Morse noted the way in which the team created the Teach-Out was not only much quicker than a MOOC, but also resulted in a new mode of teaching despite similar content.

“The way that we scope and design a Teach-Out is very different from the way we develop a MOOC,” Morse said. “The way we have these interviews is more…in conversation and in the moment rather than scripting or creating protocols ahead of time.”

The foundational videos from the original course then became supplemental material for the Teach-Out, demonstrating the nature of “remix and reuse” — learners could digest the conversation in their own way based on the Teach-Out platform, even with similar content to the MOOC.

From a Teach-Out to a MOOC: Solving the Opioid Crisis

TheSolving the Opioid Crisis Teach-Out” launched in December 2017 as a response to the October 2017 declaration by Department of Health and Human Services determining the ongoing opioid crisis was a national public health emergency.

During the Teach-Out’s one-month development, our team connected with experts in multiple health fields through the U-M Institute for Healthcare Policy and Innovation. The conversation focused on defining opioids, understanding the root of the crisis, how to recognize opioid abuse, and next steps for solving the crisis.

Following the launch of the Teach-Out, members of the faculty team submitted a proposal to create a follow-up MOOC about the opioid crisis.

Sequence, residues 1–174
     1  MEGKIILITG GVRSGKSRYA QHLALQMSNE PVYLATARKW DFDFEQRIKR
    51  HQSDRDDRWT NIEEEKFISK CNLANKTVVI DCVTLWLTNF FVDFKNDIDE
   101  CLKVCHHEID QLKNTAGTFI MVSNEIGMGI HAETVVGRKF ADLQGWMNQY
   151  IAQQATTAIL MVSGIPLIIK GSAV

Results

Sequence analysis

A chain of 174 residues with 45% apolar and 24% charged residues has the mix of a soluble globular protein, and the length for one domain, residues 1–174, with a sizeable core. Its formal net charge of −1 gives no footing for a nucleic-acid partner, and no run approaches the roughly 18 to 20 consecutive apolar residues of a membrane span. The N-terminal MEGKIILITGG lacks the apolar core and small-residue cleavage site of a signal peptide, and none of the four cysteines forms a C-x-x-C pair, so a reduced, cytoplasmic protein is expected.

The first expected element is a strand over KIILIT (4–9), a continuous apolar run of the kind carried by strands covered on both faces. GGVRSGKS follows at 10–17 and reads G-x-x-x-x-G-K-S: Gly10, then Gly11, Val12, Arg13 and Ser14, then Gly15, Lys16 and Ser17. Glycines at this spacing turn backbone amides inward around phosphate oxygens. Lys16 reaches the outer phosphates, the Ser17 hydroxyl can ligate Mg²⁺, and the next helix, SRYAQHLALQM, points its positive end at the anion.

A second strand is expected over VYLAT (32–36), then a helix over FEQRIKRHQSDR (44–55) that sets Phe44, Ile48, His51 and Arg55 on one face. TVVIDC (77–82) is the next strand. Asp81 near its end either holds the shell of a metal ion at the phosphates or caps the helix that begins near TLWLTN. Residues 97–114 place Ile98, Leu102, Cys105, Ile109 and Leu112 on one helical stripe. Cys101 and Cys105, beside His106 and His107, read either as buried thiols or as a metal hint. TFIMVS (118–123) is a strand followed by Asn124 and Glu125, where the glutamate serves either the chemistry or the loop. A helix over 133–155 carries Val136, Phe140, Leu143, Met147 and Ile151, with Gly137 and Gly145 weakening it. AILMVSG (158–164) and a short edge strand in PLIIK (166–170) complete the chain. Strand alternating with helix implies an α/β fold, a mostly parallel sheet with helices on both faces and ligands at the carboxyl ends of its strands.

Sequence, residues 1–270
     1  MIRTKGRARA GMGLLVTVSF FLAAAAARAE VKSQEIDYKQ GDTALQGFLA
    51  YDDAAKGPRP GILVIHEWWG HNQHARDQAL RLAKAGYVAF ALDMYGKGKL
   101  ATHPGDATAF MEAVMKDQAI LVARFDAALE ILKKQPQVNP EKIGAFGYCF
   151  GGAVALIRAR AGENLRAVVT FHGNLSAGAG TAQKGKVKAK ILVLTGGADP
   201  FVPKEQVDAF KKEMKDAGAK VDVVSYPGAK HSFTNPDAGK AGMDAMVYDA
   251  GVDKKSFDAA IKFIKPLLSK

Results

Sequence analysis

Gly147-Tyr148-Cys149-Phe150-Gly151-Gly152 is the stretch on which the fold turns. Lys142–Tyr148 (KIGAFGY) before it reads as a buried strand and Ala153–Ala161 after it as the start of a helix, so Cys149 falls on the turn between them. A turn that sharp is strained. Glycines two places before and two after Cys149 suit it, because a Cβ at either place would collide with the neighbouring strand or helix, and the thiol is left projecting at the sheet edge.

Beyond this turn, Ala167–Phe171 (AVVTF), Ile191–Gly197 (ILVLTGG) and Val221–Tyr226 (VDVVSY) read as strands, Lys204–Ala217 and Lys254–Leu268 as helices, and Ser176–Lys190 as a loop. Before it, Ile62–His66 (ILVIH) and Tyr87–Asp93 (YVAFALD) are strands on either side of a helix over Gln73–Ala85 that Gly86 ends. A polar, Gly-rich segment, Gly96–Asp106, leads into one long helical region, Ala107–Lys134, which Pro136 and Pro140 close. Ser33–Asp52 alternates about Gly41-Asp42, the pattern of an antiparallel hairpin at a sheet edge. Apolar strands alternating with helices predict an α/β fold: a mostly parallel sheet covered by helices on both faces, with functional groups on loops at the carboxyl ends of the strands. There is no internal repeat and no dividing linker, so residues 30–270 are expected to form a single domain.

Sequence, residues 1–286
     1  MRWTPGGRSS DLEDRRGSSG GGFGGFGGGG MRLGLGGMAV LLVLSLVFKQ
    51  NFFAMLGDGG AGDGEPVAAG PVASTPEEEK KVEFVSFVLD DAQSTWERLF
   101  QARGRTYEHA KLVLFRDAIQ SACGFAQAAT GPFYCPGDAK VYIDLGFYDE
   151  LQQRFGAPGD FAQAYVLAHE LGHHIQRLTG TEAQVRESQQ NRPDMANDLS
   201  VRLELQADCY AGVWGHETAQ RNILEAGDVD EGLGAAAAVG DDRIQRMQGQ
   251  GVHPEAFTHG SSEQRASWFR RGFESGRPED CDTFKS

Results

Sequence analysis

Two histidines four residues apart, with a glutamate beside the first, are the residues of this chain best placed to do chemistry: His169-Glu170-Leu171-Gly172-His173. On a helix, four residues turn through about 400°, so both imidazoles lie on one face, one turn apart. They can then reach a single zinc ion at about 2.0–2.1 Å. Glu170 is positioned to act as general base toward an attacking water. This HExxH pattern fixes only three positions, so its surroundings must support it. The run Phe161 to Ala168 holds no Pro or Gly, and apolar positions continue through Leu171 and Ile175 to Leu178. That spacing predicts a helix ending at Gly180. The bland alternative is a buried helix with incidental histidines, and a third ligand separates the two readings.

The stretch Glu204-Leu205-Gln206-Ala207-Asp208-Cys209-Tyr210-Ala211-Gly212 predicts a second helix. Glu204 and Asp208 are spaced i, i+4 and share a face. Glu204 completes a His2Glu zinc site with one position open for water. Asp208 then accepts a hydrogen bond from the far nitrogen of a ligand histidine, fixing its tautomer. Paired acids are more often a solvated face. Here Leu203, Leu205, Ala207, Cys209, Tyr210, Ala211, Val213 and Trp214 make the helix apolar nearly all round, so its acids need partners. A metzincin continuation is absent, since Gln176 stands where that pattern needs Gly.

Lauren Atkins Budde, Associate Director of Design Management, led the development of the original Teach-Out. Jeff Bennett, Design Manager, is now leading the development of the MOOC. 

“Given the ongoing nature of this crisis, the expertise and on-the-ground experience of so many in the health community here at U-M, and the need for more general educational opportunities in this space, supporting the MOOC was an easy decision,” said Budde.

While the Teach-Out aimed to spread awareness and factual information about the issue to a general audience, the MOOC is targeted toward non-prescribing healthcare providers. A collaborative effort spearheaded by the Institute for Healthcare Policy and Innovation, the Michigan Opioid Prescribing Engagement Network, and the Injury Prevention Center, the MOOC aims to create a deep understanding of the epidemiology of the crisis, pain and drug targeting, prevention of misuse and abuse, addiction treatment and recovery, and public policy implications.

“The hope is that we can help these professionals better understand prevention, intervention, patient/family/community education, and policy related to this important public health problem — and thus, better support their patients and constituents,” said Budde.